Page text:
From my trip diary:
We knew it would be crowded and indeed it was. I thought that we should arrive there on the Randen, so we took the subway to the end of the Tozai Line and then it was just across the street to access the Randen which was founded in 1910 and is the only tram in Kyoto now. There was no place to buy a ticket at the very small station. It turns out it is a flat fee of 210 (in 2016) and you can pay when you get off. Indeed it was packed with city dwellers, but more so tourists. It is just one or two cars and very cute. We arrived at Arashiyama Station where there were hoards of people. I just wanted to get out.
So we crossed the street and started following the crowds to the bamboo forest which was high on my daughter’s list and is very famous. To be honest, I don’t find it all that interesting or attractive and having the hoards of tourists made it even worse. The narrow street was full of people walking and taking photos but cars also came through as well as jinrikusha, which made it so that you always had to be paying attention to something other than the bamboo. We did take all the requisite photos. I’m not sure that it was the best day for photo taking, or maybe it was too early in the day to get the full effect of the sun.
Or maybe I was grouchy and needing breakfast! As we walked we passed many small places for snacks but I needed coffee. Finally we hit gold with a place that had a dango set with coffee. It was delicious! But all I wanted to do was separate from the crowds and I had Adashinonenbutsu on my mind.
On the way there we went into some of the smaller temples that had fewer people. Eventually we were in classy suburbs and green fields and the bulk of the tourists were gone. We passed small shops, so we knew we were still in a tourist area. And we climbed upward and finally reached Adashinonenbutsu which is essentially a graveyard. It has always been special to me both for atmosphere and the admittedly sentimental aspect of it having a festival on the date of my tanjōbi. The grounds were absolutely lovely and the foliage was amongst the best we would see during this trip. Photo ops abounded. I’d say there were less than ten people there and we were able to peacefully enjoy our time. If I had to pick one place to go for Kyoto foliage, I’d pick this place. It’s a bit of a hidden treasure.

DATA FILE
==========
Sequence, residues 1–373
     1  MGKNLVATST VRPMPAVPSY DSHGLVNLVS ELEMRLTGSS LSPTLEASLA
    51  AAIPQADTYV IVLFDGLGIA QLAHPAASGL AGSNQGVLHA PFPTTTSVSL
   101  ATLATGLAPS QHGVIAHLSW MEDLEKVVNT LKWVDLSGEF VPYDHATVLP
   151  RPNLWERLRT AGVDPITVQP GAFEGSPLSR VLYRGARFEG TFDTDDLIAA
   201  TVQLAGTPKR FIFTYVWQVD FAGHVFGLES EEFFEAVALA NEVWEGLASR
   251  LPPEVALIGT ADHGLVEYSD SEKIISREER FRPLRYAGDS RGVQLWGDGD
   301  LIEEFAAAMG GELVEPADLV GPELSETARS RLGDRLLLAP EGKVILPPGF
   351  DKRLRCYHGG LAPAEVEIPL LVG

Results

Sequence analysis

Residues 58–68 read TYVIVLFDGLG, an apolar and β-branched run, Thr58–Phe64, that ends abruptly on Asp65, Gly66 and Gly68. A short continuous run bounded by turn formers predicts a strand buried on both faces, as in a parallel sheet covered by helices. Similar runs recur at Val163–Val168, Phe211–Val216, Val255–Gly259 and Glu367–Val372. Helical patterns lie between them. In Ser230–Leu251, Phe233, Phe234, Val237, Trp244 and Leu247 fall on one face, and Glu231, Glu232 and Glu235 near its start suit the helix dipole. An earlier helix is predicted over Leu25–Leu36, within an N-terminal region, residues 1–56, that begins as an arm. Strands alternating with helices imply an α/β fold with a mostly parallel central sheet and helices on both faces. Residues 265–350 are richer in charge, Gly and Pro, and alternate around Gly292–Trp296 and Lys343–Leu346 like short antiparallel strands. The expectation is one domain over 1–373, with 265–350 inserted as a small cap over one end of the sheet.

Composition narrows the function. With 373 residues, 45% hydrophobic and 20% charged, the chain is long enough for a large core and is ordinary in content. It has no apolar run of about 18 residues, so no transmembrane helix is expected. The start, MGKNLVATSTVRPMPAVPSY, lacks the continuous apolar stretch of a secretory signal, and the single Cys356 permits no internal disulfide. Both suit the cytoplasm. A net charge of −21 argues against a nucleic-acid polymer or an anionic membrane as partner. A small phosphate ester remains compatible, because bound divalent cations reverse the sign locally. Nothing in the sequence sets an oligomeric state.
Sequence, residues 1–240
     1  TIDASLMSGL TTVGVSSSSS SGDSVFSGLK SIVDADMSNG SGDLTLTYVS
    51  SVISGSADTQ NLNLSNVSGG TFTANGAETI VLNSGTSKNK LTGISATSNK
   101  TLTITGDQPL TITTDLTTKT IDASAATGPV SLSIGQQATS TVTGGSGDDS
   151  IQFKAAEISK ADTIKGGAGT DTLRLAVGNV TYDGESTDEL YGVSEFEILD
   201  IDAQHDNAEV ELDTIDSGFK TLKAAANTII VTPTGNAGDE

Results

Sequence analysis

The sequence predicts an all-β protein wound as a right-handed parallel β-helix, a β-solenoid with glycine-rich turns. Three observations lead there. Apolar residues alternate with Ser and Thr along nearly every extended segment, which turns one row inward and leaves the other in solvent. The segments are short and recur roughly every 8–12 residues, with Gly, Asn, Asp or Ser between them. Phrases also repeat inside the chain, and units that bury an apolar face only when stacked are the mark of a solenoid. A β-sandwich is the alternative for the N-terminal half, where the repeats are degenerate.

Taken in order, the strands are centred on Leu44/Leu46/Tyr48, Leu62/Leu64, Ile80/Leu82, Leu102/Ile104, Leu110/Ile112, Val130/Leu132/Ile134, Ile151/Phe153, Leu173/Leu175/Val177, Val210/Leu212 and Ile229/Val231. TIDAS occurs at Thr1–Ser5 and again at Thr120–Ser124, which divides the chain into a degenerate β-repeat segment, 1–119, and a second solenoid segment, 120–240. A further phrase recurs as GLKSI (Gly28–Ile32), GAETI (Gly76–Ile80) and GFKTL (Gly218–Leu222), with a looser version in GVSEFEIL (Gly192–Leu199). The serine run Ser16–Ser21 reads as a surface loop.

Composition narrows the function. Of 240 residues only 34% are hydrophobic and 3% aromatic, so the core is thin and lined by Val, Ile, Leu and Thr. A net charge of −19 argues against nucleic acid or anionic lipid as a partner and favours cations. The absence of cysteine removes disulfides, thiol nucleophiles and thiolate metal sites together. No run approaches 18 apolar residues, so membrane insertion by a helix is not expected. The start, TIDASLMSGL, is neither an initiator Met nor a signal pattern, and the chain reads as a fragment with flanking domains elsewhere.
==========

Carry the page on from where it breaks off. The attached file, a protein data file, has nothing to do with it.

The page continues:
We left silently and started to think about lunch. We knew we wanted yudōfu since this area is famous for it. The problem was how to choose the right place. We randomly chose one and had an excellent tofu lunch. It included yudōfu, yuba, some mochi-like item etc.
We chose to sit at a table rather than tatami. We had a view of the garden which was lovely. After we ate I visited the restroom hesitantly because places like this usually had pretty primitive facilities. Again I was pleasantly surprised to find a very clean and high-tech toilet facility. This is the best change I’m enjoying on this trip. It makes me wish that I could see the toilet in my old homestay; I wonder if they have updated.
After lunch we walked back the way we had came and then turned off to go to Tenryuji which is a heritage spot. I did not enjoy it very much because, again, we were immersed in crowds. How does a heritage spot beat out other spots, I wonder? We spent some time there and then exited to the main street of Arashiyama, which again was packed. I thought my daughter should see Togetsukyo since it is one of the sights of Arashiyama. We crossed over it (with the crowds) and spent some time enjoying the beautiful sunny warm day sitting along the riverside—away from most of the crowd.
- Randen – 嵐電 a small tram to Arashiyama
- jinrikusha – 人力車 a tourist gimmick for those who don’t want to walk and would rather ride in a carriage pulled by a real live person.
- tanjōbi – 誕生日 birthday
- yudōfu – 湯豆腐 a simple tofu dish. The quality of the tofu is what makes this dish. It’s all about the tofu.
- yuba – ゆば a soybean product often called tofu skin as it it forms on the top of soy milk during the processing of tofu
- tatami – 畳 bamboo mats